Jail should only to be used as a last resort with sentencing

Jail should only to be used as a last resort with sentencing

By Vincent Semenuk

Those charged with a criminal offence in Alberta need to understand the sentencing principles the court follows to arrive at a punishment upon conviction.

Any discussion about sentencing starts with s. 718 of the Criminal Code, which states: “The fundamental purpose of sentencing is to protect society and to contribute, along with crime prevention initiatives, to respect for the law and the maintenance of a just, peaceful and safe society.”

A little further along, s. 718.1 makes it clear that ‘A sentence must be proportionate to the gravity of the offence and the degree of responsibility of the offender.” Those are important words, ensuring that offenders do not face undue or unjust punishment for their actions.

Section 718.2 adds that a “sentence should be increased or reduced to account for any relevant aggravating or mitigating circumstances.” To be clear, aggravating factors are those that increase the severity of the offence, while mitigating factors are circumstances that reduce its impact. Examples of mitigating factors include a lack of a criminal record, evidence of good character and remorse for your actions.

Aggravating facts listed in this section include “that the offence was motivated by bias, prejudice or hate based on race, national or ethnic origin, language, colour, religion, sex, age, mental or physical disability, sexual orientation, or gender identity or expression, or on any other similar factor.” Other aggravating factors, depending on the crime, include that you abused an intimate partner or someone under 18, that the offence was committed on behalf of a criminal organization or was an act of terrorism, or that you were out on parole or on an unescorted absence for a corrections institute when the offence occurred.

Since judicial discretion is an essential element of our judicial system, judges always have the freedom to arrive at a sentence they deem appropriate, as long as it abides by the minimums or maximum penalties set out in the Code for that offence.

The second part of s. 718.2 offers more guidance on what an appropriate sentence should be, noting that it “be similar to sentences imposed on similar offenders for similar offences committed in similar circumstances.” Additional advice offered here is that if consecutive sentences are imposed, “the combined sentence should not be unduly long or harsh.”

The key wording in this section notes “an offender should not be deprived of liberty, if less restrictive sanctions may be appropriate in the circumstances … all available sanctions, other than imprisonment, that are reasonable in the circumstances and consistent with the harm done to victims or to the community should be considered for all offenders.”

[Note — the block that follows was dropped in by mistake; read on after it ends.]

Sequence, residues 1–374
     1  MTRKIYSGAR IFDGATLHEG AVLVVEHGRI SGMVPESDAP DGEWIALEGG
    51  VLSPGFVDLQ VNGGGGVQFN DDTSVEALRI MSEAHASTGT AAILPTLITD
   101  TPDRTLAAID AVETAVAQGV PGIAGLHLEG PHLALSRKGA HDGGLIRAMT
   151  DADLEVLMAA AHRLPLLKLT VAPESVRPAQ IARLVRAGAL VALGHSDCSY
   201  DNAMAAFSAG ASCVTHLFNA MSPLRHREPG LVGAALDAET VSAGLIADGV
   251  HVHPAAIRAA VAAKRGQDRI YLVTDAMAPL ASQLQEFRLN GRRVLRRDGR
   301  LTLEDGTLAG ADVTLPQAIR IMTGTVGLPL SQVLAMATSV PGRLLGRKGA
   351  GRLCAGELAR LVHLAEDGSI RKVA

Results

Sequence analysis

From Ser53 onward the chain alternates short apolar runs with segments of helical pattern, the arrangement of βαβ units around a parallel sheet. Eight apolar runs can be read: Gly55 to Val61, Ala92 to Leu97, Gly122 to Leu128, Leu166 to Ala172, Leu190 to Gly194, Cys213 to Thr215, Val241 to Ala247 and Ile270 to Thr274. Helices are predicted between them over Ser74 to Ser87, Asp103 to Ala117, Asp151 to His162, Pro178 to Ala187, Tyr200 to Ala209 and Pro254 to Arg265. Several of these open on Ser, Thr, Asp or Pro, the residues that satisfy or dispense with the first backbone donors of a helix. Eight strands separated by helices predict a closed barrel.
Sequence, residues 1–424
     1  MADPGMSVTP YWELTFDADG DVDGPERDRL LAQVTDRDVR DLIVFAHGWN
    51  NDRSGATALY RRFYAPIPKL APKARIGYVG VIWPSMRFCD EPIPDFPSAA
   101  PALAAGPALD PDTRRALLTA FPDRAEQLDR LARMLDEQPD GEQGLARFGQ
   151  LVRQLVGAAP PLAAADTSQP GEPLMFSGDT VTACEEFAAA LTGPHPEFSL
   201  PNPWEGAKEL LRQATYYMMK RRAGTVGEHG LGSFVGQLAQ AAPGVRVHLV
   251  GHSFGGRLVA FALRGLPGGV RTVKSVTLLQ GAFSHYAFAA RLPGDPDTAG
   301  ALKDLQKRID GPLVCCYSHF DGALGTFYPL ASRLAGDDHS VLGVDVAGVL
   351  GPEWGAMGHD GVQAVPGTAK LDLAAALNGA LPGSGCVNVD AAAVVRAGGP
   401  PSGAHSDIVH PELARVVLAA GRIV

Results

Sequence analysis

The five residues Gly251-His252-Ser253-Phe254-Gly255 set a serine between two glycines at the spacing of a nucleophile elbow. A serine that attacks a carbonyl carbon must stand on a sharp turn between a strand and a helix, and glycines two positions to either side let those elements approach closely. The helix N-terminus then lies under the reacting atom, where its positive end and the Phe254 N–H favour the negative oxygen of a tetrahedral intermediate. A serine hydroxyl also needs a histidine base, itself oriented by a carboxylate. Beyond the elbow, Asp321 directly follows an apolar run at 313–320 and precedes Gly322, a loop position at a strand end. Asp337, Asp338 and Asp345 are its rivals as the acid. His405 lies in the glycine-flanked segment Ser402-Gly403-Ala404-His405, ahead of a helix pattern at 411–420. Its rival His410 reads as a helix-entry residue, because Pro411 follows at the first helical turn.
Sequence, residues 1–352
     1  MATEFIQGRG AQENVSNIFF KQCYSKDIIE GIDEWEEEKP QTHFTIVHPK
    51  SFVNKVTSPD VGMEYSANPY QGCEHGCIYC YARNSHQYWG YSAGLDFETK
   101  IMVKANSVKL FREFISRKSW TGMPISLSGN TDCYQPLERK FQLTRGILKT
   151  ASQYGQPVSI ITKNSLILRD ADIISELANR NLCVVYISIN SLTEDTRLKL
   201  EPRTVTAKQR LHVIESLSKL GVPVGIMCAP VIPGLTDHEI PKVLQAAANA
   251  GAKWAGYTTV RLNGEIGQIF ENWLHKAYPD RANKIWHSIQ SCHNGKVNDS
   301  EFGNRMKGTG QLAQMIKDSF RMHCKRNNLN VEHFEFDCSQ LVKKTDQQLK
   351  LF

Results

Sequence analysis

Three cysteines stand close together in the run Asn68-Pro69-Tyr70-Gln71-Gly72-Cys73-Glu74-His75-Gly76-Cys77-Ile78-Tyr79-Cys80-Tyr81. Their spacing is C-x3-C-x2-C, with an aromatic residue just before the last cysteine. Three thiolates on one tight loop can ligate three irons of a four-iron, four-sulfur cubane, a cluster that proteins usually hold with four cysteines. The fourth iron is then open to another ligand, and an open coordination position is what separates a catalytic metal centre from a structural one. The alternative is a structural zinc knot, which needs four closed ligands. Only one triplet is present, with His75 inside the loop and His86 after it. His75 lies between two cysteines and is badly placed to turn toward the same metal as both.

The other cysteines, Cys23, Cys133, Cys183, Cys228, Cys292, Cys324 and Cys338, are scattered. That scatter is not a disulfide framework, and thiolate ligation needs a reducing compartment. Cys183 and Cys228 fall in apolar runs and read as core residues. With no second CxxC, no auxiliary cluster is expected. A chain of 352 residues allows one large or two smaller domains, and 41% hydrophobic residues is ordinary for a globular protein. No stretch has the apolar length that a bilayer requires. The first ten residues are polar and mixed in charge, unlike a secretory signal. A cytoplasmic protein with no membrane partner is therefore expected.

Those words are very important. Those charged with a crime should know that jail, generally speaking, is only to be used as a last resort by the court when it comes to punishment.

This section of the Code adds an important caveat to the statement about considering all available sanctions other than imprisonment when it adds there needs to be “particular attention to the circumstances of Aboriginal offenders.”

It’s no secret that in Alberta, a disproportionate number of indigenous individuals are caught up in our judicial system. Many are not well educated and are dealing with addiction issues. They often turn into habitual offenders, engaging in petty crime for which they are sent to jail, with that cycle repeating itself again and again.

Indigenous Canadians are also over-represented when it comes to major crime. A statement from the justice ministry said they account for 30 per cent of federally incarcerated inmates, despite representing five per cent of the country’s population. That is why the government introduced a bill earlier this year to repeal mandatory minimum penalties for 14 offences in the Criminal Code and six drug offences in the Controlled Drugs and Substances Act.

Anyone facing a criminal charge must understand the range of sentences they face if convicted. The best you can hope for after conviction is an absolute discharge, given by the court when it is “in the best interests of the accused and not contrary to the public interest.”

The next best is a conditional discharge, which means that if you fulfill the terms of a probation order, your conviction will not be recorded on your criminal record. In simpler terms, should you receive a conditional discharge, you are able to honestly answer “NO” to the question, “Do you have a criminal record?” on a job application. 

After that comes a fine, a suspended sentence with probation, or sometimes both, which involves following certain rules during a probationary period instead of going to jail. You may also be given a conditional sentence, better known as house arrest, where you have to serve your sentence at home and can only leave the premises for reasons such as work or to buy food.

After that comes imprisonment, with short sentences served in provincial institutions and longer sentences (anything two years or more) served in federal penitentiaries.

Another important fact to keep in mind is that courts in every province have different views on what constitutes an appropriate sentence. Since Alberta is a conservative province, the justice meted out by judges can be tougher than in other provinces. You only have to look at the different approaches British Columbia and Alberta take when sentencing someone for crimes involving illegal narcotics.


If you are facing a criminal charge in Alberta, educate yourself about the sentencing principles. And be sure to retain competent legal counsel, to ensure the best outcome possible. Call us for a free consultation.

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Criminal Justice